Wednesday, September 12, 2007

Rune Magic: The Celtic runes as a tool for personal transformation

Deon Dolphin Rune Magic: The Celtic runes as a tool for personal transformation Van Nuys (CA): Newcastle Publishing, 1987. 149 pp., $9.95.

At one time, all I knew about the runes was an obscure line in Poe's The Bells, where a chorus of demons is tolling "bells, bells, bells, in a sort of Runic rhyme ... " or something like that. Poe probably chose the line for the sound effects, rather that for any great interest in the Rune themselves. But we can use the runes as a form of divination, or character analysis, or whatever mystical meaning we want to read into them.

This classic text is only one of dozens of "explanations" of the runes, intended to provide beginners (like you and me) with the tools we need for readings for ourselves and our friends. After some preliminary background information, the author plunges into a series of actual interpretations of varioous patterns in the runes. Drawn or engraved in small stones, shells, or other objects they are cast into a set of three circles, preferably drawn on a specially marked cloth. (Of course, there are probably as many ways of casting the runes as there are people reading them, but this way is the one that the author describes.)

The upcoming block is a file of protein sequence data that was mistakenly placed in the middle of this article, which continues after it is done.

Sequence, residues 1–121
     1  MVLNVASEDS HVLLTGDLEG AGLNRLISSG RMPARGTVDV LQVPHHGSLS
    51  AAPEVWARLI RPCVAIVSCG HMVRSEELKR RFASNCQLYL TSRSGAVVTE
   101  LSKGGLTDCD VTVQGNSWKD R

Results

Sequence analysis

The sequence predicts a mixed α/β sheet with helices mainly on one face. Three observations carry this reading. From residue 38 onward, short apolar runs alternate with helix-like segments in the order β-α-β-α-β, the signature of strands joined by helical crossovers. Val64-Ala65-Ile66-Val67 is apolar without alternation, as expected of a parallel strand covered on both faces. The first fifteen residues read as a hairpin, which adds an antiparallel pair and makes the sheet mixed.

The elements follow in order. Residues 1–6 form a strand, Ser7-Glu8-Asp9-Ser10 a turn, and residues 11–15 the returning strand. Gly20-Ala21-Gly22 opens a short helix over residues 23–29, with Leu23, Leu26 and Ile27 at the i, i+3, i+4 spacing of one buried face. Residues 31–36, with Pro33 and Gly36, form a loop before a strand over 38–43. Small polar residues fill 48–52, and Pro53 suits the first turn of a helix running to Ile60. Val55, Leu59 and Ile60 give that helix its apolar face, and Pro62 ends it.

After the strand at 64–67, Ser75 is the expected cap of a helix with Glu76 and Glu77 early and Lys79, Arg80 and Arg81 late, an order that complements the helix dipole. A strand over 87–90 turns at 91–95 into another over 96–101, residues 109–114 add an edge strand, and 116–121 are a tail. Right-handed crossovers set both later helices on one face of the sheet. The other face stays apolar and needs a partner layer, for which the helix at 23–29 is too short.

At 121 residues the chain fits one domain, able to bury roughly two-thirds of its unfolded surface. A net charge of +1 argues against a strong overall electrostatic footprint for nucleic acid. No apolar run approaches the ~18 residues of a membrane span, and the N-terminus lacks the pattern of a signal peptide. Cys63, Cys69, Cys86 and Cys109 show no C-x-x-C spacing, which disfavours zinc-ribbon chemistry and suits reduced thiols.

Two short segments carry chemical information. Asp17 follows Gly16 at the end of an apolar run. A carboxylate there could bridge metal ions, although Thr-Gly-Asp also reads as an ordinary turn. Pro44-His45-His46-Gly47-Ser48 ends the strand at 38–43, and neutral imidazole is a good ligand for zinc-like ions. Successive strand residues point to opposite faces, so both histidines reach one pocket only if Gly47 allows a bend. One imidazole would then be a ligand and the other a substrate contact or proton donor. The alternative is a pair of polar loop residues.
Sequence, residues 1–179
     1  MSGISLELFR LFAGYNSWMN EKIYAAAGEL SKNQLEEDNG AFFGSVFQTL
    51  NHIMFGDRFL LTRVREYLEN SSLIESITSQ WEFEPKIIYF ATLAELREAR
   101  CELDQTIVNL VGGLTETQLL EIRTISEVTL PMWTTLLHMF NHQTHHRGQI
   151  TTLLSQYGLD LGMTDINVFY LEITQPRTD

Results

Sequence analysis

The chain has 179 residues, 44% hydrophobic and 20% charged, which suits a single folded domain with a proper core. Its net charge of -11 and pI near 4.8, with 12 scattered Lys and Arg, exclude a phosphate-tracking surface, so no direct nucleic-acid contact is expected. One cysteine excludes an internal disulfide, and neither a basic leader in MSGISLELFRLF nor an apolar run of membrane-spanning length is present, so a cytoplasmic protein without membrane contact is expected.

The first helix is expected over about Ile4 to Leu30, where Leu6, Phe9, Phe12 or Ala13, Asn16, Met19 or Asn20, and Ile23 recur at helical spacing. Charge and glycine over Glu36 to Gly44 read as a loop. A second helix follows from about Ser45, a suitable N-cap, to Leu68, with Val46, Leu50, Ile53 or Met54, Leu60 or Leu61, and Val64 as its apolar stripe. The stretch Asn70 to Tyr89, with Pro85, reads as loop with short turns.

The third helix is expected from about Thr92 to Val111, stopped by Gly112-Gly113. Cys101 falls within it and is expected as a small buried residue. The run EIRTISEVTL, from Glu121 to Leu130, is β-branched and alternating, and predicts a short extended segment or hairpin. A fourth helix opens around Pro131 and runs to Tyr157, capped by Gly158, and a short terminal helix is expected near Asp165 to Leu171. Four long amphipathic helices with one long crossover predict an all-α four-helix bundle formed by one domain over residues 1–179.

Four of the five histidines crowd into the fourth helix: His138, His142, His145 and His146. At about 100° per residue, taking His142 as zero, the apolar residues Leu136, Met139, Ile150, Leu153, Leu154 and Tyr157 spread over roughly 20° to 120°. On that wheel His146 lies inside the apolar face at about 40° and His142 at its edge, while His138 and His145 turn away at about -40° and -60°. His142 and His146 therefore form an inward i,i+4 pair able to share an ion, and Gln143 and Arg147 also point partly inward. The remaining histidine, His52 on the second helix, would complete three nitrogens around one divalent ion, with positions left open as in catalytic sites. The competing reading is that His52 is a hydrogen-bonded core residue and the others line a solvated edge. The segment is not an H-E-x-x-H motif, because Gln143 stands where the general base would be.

Depending on their positions in the circles, the runes can be interpreted for the client to show his or her character, decisions to be made, possible future happenings, or whatever else comes to their attention. The markings on the runes vary, according to the specific tradition that they represent, and the number of runes can be as many as fifteen, meaning that the reading will depend on the specific set of stones that are being consulted.

For those that are looking for an alternative to the familiar occult tools many of us use, this book will provide an introduction to another way of performing readings.


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